I am not saying that no distinctions can be drawn between the various situations I just mentioned. In particular, I agree with many of the arguments in the recent posts by Christian Marxsen and Jure Vidmar about the differences between Crimea and Kosovo, the critical one being that Crimea’s secession is the direct result of Russia’s unlawful military intervention against Ukraine, whereas Kosovo’s secession was not tainted to the same extent by NATO’s 1999 intervention due to the subsequent adoption of Resolution 1244, which authorized the presence of international forces in Kosovo while disabling Serbia from taking military action to suppress Kosovo’s secession. I would also note that it is more difficult to levy charges of hypocrisy against international lawyers, rather than states or politicians – and I hope that speaks well of our profession. Most international lawyers after all considered the 1999 intervention against Serbia or the 2003 invasion of Iraq to have been unlawful, and most justifiably feel the same way with regard to Russia’s intervention in Ukraine.

But even if Kosovo and Crimea are legally distinguishable, they are still close enough. The West’s position on Crimea is undeniably undermined by their previous stance regarding Kosovo, and they can only blame themselves for that. Just consider President Putin’s speech justifying the annexation of Crimea by reference to Kosovo and the ICJ’s advisory opinion:

Read the rest of this entry…

Print Friendly
 
Tags:

Crimea’s Referendum and Secession: Why it Resembles Northern Cyprus More than Kosovo

Published on March 20, 2014        Author:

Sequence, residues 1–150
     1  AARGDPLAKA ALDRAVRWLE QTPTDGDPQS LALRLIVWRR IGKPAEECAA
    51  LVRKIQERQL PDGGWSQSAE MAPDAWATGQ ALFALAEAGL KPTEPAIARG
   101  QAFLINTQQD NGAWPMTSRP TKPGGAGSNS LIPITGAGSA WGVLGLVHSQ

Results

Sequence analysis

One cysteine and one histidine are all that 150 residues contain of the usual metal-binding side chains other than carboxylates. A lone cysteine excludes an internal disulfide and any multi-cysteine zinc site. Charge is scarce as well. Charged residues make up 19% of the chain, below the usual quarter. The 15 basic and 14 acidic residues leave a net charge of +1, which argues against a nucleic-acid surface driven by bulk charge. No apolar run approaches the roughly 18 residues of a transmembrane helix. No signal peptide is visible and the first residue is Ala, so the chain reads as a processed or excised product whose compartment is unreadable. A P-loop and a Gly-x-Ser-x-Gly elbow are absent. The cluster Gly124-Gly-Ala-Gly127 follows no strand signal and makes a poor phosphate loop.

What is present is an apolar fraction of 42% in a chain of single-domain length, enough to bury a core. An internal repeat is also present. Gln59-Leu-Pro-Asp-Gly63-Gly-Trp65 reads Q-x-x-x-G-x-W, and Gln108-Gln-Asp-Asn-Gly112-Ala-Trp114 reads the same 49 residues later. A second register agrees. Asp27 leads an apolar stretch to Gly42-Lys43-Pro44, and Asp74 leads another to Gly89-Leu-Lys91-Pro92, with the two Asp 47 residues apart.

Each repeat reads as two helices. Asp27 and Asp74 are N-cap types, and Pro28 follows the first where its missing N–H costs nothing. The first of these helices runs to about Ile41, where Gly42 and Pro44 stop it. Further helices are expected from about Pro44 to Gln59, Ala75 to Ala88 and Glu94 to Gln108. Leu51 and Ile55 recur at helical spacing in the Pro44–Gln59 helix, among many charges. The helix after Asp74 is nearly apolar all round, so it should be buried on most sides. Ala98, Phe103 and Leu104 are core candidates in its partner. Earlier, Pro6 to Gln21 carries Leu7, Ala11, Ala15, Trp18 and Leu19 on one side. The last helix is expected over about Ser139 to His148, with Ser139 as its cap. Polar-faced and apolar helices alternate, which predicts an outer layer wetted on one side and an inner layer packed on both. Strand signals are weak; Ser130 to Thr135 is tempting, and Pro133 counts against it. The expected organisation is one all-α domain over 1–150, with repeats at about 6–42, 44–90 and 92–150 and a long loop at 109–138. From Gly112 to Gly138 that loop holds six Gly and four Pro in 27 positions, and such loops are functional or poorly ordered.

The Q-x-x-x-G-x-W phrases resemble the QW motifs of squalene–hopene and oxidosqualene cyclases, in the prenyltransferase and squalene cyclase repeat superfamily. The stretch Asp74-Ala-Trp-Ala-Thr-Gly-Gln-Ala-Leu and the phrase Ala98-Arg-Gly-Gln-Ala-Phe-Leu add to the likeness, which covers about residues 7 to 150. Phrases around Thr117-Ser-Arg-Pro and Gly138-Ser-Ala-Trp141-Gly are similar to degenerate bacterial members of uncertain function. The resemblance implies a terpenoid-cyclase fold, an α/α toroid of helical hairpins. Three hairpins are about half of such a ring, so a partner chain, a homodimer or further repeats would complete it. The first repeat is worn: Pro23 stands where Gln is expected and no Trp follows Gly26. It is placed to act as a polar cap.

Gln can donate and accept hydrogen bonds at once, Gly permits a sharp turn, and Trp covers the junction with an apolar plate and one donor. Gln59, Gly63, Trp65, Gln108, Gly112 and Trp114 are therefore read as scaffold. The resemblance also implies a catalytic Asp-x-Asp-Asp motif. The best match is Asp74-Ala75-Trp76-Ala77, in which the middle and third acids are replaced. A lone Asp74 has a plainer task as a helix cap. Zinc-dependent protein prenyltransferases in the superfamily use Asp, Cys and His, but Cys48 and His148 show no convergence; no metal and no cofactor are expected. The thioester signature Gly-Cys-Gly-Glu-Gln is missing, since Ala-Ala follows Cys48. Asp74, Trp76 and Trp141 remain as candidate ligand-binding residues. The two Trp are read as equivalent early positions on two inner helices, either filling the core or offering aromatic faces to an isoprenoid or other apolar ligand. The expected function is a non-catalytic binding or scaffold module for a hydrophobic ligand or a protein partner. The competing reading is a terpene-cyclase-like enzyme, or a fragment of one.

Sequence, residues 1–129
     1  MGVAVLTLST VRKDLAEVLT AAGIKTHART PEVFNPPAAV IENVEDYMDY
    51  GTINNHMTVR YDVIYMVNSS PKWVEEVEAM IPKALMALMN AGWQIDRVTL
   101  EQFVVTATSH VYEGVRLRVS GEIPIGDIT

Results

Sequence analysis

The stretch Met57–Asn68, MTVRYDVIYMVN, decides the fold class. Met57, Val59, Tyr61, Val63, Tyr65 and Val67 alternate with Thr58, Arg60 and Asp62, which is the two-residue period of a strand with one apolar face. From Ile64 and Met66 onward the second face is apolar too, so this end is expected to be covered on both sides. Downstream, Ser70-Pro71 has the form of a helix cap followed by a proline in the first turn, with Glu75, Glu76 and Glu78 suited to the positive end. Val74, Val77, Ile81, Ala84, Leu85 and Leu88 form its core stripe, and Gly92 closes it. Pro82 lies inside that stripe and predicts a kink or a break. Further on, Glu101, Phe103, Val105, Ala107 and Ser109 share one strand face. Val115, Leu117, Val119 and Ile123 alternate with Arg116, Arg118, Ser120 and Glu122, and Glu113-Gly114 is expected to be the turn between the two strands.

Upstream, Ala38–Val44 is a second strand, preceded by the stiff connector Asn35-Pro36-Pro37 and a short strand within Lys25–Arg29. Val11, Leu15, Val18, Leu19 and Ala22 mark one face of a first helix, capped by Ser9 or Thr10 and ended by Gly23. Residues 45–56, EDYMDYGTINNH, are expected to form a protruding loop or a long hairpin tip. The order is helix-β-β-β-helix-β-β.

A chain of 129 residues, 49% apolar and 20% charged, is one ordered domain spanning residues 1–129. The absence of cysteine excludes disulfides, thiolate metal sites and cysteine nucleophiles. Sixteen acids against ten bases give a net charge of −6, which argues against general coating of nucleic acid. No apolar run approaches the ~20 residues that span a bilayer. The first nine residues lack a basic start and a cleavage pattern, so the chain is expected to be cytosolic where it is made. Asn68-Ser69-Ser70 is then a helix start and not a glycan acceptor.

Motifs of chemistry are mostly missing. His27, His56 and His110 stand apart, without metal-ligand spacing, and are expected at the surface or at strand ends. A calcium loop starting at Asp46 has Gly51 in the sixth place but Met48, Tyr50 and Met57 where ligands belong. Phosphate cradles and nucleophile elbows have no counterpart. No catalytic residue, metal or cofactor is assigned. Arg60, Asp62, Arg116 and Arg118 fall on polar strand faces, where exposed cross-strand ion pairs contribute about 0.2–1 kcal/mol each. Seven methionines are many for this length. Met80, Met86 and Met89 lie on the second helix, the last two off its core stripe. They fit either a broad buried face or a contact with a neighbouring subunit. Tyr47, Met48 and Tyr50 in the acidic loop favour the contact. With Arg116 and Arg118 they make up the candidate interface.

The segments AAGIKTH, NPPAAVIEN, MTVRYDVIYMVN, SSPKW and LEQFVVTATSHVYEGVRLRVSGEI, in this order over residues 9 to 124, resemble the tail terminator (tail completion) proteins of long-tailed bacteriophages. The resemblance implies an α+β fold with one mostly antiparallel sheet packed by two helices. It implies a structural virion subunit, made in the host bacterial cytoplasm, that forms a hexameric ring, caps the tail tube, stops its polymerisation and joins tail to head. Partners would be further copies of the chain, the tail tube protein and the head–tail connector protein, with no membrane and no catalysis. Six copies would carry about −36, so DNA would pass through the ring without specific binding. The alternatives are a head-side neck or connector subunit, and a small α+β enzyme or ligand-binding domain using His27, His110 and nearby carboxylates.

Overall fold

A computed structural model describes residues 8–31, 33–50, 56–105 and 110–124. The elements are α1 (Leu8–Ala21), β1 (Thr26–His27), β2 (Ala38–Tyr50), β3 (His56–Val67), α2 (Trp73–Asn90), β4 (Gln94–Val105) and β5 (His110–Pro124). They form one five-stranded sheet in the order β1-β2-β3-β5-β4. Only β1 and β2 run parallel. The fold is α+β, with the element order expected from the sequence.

On 16 March 2014, Crimea held a referendum on its future legal status. Reportedly, the choice to join Russia was supported by an overwhelming 95.5 per cent of all votes cast, with the turnout of 83 per cent. A day earlier, Russia vetoed a draft Security Council resolution which sought to declare the referendum as ‘having no legal validity’ and urge the international community not to recognise its results. The draft resolution was otherwise supported by 13 members of the Security Council, with China abstaining. On 17 March 2014, the Crimean parliament declared independence and applied to join Russia.  This contribution explains that while the referendum itself was not illegal in international law, the shift of territorial sovereignty would be illegal. Moreover, in the legal circumstances underlying the situation in Crimea, even the declaration of independence violated international law. As a result, the obligation to withhold recognition of the effective situation is applicable under general international law. No Chapter VII Resolution is required. This is not because international law would see territorial integrity of states as an absolute norm, but because the effective situation was created by Russia’s use or threat of force. Although parallels have been drawn to Kosovo (see the discussion in Christian Marxsen’s post) and even Scotland, in terms of international law Northern Cyprus would be a more accurate comparison.